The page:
Friday, February 8, 2008

Contented Mother... (3)

A few paras from chapter two, on birth. This chapter is called How do they do it in Africa?

Home birth
It was Sheila who made me realise I did not have to have a hospital birth. I do not feel strongly about where a baby is born in principle, this is a personal choice. For me home birth was by far the most attractive option. The thought of wandering around labour wards for hours on end, with other women’s wails reminding me of more pain yet to come was less than appealing. At home I could walk around our house, feel free to be as naked, loud or silent as I liked, and James would be able to make toast and tea to keep us going, between contractions. The neighbours would just have to get over it. I imagine it could be rather traumatic for the two teenaged boys,but I was feeling rather traumatised by them right then. I was not sure what to worry about most - these kids’ welfare or the fact that their expletives were likely to be among my baby’s first words. But one thing I didn’t care about was making them endure a few hours of agonised screams. Besides, I was not planning to scream…

While writing this I have just heard that a friend of a friend has given birth at home. Two hours after the baby was born the midwife went home, the dad got a takeaway and they are now sipping champagne on the sofa with their new babe in their arms. I’m so jealous (my ‘home birth’ didn’t quite go according to plan, but more on that later). Compare this to being left alone on the post-natal ward, woken by other babies’ cries, and eating hospital food. Not to mention the humiliation of being watched on your way to the loo. I am not joking - this takes an age. I staggered so slowly, protectively clutching my very sore undercarriage, convinced it would fall to the ground if I let go, that it took me at least five minutes to pass my neighbour’s bed. Enough time to say “hi”, listen to her conversation with some twenty relatives also watching me pass, say “bye” and still not have made it past her bed. And then I had to go through it all over again on my way back to bed half an hour later. Cringe.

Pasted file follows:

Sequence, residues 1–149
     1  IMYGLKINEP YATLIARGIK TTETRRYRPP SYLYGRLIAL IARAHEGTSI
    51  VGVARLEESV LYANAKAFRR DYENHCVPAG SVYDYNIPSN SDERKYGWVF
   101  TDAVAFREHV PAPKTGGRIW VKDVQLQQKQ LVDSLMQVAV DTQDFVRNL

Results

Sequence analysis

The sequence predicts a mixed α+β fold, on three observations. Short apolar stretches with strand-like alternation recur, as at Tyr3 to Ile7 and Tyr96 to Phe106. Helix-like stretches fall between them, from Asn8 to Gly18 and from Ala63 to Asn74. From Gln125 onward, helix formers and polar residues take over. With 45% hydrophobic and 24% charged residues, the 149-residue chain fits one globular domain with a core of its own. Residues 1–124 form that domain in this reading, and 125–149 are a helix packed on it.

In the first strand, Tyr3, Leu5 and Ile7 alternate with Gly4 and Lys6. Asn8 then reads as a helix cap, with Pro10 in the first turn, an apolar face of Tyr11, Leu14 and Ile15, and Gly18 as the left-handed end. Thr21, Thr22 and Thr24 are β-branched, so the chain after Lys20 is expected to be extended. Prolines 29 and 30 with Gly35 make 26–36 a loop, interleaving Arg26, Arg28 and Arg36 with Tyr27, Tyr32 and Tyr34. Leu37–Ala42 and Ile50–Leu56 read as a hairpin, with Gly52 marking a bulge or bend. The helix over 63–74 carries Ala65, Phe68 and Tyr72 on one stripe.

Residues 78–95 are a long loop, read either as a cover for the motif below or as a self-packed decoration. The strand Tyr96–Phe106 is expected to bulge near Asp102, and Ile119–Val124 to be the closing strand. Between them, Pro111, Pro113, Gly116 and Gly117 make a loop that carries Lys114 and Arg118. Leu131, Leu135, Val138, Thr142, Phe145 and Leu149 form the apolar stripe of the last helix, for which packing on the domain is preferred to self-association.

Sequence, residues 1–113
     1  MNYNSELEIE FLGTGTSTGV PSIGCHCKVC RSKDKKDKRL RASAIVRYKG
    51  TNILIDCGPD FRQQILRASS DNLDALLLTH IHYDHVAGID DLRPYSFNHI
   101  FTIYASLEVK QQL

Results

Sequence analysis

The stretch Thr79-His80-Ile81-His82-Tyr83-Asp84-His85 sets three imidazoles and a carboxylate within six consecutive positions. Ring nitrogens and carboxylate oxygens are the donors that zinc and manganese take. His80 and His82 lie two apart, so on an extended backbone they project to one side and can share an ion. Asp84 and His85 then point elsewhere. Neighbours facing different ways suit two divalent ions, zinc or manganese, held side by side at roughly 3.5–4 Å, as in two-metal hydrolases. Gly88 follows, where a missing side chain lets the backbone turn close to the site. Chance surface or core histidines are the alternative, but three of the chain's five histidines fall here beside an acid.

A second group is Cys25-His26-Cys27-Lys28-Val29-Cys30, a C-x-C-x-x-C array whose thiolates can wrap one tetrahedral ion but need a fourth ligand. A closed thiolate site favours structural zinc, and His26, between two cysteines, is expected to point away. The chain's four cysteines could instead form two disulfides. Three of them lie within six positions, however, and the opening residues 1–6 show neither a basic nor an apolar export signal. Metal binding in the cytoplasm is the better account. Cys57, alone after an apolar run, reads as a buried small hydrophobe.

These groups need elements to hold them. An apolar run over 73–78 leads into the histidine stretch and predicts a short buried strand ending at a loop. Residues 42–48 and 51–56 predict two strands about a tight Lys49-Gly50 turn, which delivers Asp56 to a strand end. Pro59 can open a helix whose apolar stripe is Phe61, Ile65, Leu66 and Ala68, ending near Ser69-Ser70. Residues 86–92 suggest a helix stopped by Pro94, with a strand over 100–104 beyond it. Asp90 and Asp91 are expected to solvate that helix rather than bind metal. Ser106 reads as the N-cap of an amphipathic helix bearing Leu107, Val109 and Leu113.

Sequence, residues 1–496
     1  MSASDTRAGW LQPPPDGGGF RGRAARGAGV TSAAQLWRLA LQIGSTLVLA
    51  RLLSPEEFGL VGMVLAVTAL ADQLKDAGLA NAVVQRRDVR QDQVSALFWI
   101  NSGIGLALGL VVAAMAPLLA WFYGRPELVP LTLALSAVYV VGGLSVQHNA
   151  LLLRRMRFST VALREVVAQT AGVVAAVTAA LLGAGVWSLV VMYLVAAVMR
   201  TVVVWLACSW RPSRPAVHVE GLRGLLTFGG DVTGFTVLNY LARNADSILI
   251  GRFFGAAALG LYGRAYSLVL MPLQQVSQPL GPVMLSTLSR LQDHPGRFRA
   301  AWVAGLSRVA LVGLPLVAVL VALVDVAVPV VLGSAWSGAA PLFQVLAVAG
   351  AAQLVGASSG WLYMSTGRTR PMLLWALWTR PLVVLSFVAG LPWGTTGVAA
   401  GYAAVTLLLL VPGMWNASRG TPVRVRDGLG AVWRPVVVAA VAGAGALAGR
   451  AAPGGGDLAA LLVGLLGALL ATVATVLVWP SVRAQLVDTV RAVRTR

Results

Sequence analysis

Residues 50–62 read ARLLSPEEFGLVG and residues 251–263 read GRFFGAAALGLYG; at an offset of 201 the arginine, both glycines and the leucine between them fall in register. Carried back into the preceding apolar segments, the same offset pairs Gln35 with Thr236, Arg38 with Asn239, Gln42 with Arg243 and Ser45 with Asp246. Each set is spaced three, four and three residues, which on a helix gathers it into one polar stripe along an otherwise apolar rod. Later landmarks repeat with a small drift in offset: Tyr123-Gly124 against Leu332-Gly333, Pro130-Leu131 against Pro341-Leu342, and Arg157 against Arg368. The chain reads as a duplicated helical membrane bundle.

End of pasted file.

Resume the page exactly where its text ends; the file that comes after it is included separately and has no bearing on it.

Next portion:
Comforts aside, Sheila reassured me that a home birth would be safe and was increasingly common. Importantly for me, I could also change my mind at any time before or during labour. We lived five minutes from the hospital which helped! I decided to go with the flow, do as much as I could at home and see what felt right at the time. And, as community midwife, Sheila would attend the birth if I were lucky enough to go into labour on the right day.

Before I go on I recommend anyone planning a home birth to think carefully whom they decide to tell. My decision was greeted with many a horrified silence followed by cautions, warnings and even pleas that I might change my mind. I was not to be dissuaded. I’d had a fairly straightforward pregnancy and felt very relaxed and active until the last minute.

As is customary with home births, a week before the due date Sheila came to leave her bag of goodies behind. A word of advice:

DON”T LOOK IN THE BAG!

Medical equipment can resemble torture instruments to the untrained eye. I mean I’m all for forward planning and preparedness and all that, but couldn’t she have hidden it in the shed or something?
Read on - a snippet from Chapter 3

2 comments:

Tori said...

LOVE your blog!
so jolly, warm and interesting.. you totally should get your book out, I can just see tube carriages full of people reading it and smiling!
xxx

Claire said...

I got to your blog via the group via a friend being a member. Just wanted to say, your blog is fab and I am really keen to hear when the book will be published.

My little boy loves baby led weaning by the way. I hope Bella has as much of a ball as he has :o)